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‘More negative than positive’

With some students excelling and some falling behind,
what are the reviews for online learning?

While open during the day, MacEwan’s seating restrictions haunt the school.  (Cole Buhler)

By Andy Trussler

AS COVID-19’s FIRST ANNIVERSARY approaches, Alberta University students embark on their third semester online. For MacEwan students and staff, the transition is a divisive issue.

Provincial safety regulations require Alberta Universities to maintain online and distanced classes. To many students, the demands of online learning is too taxing; to others, the virtual university gives them the freedom to learn on their schedule.

For Zachary Borutski, a 28-year-old professional communications student, the most challenging adjustment is self-sufficiency.

“I think what’s changed the most is the fact that I’ve become sort of resigned to the fact that I’ll have to become a lot more independent,” Borutski said. “I have to figure things out for myself, since the support structures just aren’t there.”

An engagement and motivation shortage seems the most persistent issue for online learners. Without in-person support, Borutski and others say they feel alone in their university experience.

“I just wish there would be some opportunities for us to get more instant help when we need it.”

‘I have to figure things out for myself,
sine the support structures just aren’t there’

Bailey Stefan, 22, a third-year journalism major, sympathized with Borutski’s struggle – a struggle Stefan and her friends face.

“The majority of my friends have struggled immensely with the online format,” she said. “Because I rely on scholarships, I couldn’t drop any classes down to even though I wish I was able to.

“A couple of friends had to drop classes because it was too difficult to balance everything, and so they won’t be able to graduate at their expected time any more.

“Overall, I think the experience of students has been more negative than positive.”

Some MacEwan students, however, say they prefer the online experience.

Professional communications major Julia Magsombol, 19, says she has acclimated well to Internet learning. The move to online means students like Magsombol no longer need to rely on public transit to attend class.

“I live in West Edmonton, and it is always hard for me to go to school every day. My travel time would always end up at least an hour just to get to school, not to mention how I missed some of my classes or always arrive late since I am just too tired and stressed to go to school.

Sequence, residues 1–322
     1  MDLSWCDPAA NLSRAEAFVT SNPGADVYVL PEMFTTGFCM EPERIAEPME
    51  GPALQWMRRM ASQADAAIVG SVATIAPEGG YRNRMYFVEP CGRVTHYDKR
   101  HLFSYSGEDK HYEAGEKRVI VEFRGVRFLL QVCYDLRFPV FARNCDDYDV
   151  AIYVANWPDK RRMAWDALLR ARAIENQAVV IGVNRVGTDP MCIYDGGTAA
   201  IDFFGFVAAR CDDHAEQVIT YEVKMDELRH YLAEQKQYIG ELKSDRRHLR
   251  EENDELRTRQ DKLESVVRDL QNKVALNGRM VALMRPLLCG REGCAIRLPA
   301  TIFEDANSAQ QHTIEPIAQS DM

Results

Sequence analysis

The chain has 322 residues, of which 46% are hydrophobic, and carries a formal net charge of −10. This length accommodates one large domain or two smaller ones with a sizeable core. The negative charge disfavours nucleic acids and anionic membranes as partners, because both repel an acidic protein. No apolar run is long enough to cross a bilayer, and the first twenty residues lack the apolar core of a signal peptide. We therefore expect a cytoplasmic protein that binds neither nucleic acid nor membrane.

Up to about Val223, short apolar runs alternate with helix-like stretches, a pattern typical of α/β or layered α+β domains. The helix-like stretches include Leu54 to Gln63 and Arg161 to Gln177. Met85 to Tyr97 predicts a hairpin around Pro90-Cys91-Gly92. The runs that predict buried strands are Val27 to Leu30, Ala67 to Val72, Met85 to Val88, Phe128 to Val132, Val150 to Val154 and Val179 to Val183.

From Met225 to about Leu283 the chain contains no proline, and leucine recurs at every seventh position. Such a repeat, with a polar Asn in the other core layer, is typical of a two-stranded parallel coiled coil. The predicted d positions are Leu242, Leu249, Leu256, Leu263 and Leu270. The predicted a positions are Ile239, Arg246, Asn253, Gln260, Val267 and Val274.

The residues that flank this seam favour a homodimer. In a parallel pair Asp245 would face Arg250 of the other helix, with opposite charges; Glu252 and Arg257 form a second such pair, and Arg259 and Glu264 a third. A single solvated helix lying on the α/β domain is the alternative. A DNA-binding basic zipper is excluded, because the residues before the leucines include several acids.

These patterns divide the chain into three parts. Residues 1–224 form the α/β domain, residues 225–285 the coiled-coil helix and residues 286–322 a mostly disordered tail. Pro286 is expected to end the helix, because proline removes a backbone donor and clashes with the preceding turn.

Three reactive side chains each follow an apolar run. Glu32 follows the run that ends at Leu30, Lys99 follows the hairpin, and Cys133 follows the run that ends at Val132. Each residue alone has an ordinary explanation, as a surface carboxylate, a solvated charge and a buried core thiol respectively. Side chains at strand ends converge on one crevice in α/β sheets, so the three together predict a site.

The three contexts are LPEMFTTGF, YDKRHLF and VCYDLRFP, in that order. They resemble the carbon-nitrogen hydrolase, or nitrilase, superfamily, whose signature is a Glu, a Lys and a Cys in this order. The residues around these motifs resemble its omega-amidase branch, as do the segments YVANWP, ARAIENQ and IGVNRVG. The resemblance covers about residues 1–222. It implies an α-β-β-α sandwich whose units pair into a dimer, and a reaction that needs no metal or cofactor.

“I think that online learning offered a lot of benefits to many students, especially when it comes to taking care of their health.”

‘I cannot tell a lie.
I get more work done’

Stefan says she also appreciates the benefits of studying online – and the comfort of home.

“Surprisingly, my grades actually improved this last semester and I even had two projects recognized by the University, one was preserved by MacEwan for excellence, the other was featured on their website.

“I think because, since I wasn’t commuting to classes by late October-ish, I figured out how to balance work-relaxation time being at home.”

Stringent COVID-19 guidelines guarantee the bustle of school is no more.  (Cole Buhler)

Like the students they serve, MacEwan’s administrative staff must manage university affairs online. Salvatrice “Salli” Bruno, an administrative assistant, has been  working virtually since March 2020.

“I cannot tell a lie,” she said. “I get more work done. My workload, I believe, has improved. There aren’t the constant interruptions of passers-by. I had a sign that said, ‘You have five minutes of my time.’ Well, five times 100 – I hate math, but you get the point.”

Regardless of opinion, and until vaccine distribution, MacEwan staff and students alike will continue education online. Routine improvements will be made to the online format, but those struggling to adjust can only wait.

“If I could do mornings at home and afternoons in the office, I mean, who knows?” Bruno said. “Who knows what the world will be in the future? It’s more of a “take-it-as-it-comes” thing.

“You feel so unstable in the knowledge of: What’s the timeline of when the general population will get their vaccines? And if there’s a timeline for that – is there a timeline for when people can actually go back to work safely?

“I think things are going to change. I really do. I can’t say I know what’s going to happen day-to-day, hour-to-hour, but I foresee a future of a very hybrid life. I’m all for it.”

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